“Why Try” Program Teaches Students Respect

by Callie Sanders, Courier & Press, June 2, 2015 –

Youth First uses the “Why Try” program in area schools to teach resiliency, respect for self and others, and everyday success. Many of the lessons from this program can be carried forward and applied to daily living.

Students receive knowledge and tools that will help them handle stress and cope with difficult situations and differences in others. More importantly, class members create a bond and know they are not alone.

One lesson that usually resonates with students is “Tearing Off Labels.” Canned goods are used to draw an analogy that everyone is labeled. We discuss how some labels are good and some are bad.

In a group setting, students usually do a wonderful job identifying positive and negative labels. Further discussion identifies strategies to receive and keep positive labels as well as skills that can be used to overcome negative ones. Students are given the freedom to choose which label they prefer. They are also challenged to remain open and “not judge a book by its cover” when it comes to differences in others.

The “Why Try” program encourages self-efficacy. Self-efficacy has been defined as one’s belief in his/her ability to succeed in certain situations.

Class members are encouraged to look inward and focus on the “Real Me” through a series of thought provoking questions:

  • What do I like about myself?
  • What do others like about me?
  • What have I accomplished?
  • What are my strengths, goals and dreams?
  • If I had to label myself, what would the label be?

Answers must be positive, and group members are asked to answer questions honestly. This task can be daunting for students with low self-esteem and those who choose to hang on to negative labels.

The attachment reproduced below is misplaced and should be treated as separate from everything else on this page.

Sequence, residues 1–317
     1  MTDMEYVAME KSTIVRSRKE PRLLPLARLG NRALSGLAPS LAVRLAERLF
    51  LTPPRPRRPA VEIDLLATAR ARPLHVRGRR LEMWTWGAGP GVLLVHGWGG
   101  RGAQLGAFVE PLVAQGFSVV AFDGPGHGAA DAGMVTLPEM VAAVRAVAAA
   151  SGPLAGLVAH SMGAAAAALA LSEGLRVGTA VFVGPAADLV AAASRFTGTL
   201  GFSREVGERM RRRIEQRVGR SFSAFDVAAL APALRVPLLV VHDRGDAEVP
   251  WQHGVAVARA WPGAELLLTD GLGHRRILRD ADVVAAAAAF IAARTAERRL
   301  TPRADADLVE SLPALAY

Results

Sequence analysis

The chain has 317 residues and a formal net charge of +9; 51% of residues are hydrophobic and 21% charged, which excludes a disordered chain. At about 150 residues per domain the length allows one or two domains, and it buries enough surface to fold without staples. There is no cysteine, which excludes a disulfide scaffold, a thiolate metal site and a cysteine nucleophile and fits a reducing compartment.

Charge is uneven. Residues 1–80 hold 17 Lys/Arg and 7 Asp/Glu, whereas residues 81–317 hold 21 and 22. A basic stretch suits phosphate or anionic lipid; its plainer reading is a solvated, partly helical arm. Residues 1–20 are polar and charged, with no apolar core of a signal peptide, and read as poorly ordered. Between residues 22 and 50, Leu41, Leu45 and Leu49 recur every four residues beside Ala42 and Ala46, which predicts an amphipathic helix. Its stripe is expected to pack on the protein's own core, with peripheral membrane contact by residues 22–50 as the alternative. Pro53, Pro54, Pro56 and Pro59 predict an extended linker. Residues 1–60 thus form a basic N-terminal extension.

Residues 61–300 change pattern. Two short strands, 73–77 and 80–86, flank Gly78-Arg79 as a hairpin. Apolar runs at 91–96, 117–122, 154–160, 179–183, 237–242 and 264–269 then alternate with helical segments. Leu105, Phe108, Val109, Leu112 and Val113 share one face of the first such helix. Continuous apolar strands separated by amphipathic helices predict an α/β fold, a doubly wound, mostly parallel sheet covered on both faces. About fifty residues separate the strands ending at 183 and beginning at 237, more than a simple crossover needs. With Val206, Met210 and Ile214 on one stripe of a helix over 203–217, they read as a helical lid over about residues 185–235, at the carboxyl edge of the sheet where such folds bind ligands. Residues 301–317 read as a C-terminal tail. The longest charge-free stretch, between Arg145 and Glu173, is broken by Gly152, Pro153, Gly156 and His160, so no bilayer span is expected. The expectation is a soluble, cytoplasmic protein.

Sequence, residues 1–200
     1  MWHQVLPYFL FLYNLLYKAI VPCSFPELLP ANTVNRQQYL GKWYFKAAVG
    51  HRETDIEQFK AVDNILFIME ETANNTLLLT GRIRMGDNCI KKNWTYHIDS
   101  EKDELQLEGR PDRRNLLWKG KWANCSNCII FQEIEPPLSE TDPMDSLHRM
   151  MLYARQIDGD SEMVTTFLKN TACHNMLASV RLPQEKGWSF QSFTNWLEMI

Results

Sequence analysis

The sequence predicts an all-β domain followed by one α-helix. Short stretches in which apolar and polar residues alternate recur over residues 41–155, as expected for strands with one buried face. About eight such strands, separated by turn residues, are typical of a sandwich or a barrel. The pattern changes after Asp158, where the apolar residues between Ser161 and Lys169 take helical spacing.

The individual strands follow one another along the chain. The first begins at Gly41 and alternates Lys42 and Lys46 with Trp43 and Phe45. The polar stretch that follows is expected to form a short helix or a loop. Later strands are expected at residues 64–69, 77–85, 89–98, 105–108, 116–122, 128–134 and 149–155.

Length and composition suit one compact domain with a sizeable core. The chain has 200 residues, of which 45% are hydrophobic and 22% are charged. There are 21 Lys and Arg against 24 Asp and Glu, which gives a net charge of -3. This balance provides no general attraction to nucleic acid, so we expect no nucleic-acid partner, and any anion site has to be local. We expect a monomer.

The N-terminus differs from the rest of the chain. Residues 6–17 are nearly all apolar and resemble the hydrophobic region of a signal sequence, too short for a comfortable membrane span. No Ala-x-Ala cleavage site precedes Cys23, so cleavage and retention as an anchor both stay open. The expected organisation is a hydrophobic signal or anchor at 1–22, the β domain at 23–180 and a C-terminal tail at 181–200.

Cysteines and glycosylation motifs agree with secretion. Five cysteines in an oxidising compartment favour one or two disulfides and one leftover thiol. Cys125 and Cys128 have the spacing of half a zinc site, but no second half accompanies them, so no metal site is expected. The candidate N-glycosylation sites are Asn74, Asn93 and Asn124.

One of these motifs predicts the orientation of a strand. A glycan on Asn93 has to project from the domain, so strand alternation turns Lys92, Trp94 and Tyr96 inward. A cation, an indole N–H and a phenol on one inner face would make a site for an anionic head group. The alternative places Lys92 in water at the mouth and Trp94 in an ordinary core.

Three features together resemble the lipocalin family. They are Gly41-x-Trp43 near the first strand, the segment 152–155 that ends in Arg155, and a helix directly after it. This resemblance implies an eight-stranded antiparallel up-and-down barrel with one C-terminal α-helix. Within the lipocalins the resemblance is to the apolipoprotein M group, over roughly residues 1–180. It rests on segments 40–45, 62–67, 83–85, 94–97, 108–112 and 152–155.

Therefore, the concept of “self-talk” is introduced. Students begin to understand the power in our thoughts. Are their thoughts positive or negative? They learn that how we view ourselves has a direct correlation to how we treat ourselves and others.

The lesson also teaches four proactive steps to get rid of labels:

  • Stop living up to your label. Prove your label wrong!
  • Remember, it is easy to prove that your label is true; just keep doing the same things.
  • Your label is from the past. Today you either need to keep it or start tearing it off.
  • Let the “Real Me” out so much that past negative labels must be torn off.

These four proactive steps encourage students to use the techniques learned to help face everyday challenges they deal with personally and inter-personally.

Improved self-esteem is a catalyst for better behavior, which can lead to tearing off negative labels and promoting positives ones. The goal is to motivate students to accept themselves and others. I encourage students to embrace their individuality and to not be afraid to embrace others and their differences.

Why try? There is always room for personal growth even when others remain stagnant and hold on to their labels. Never give up!

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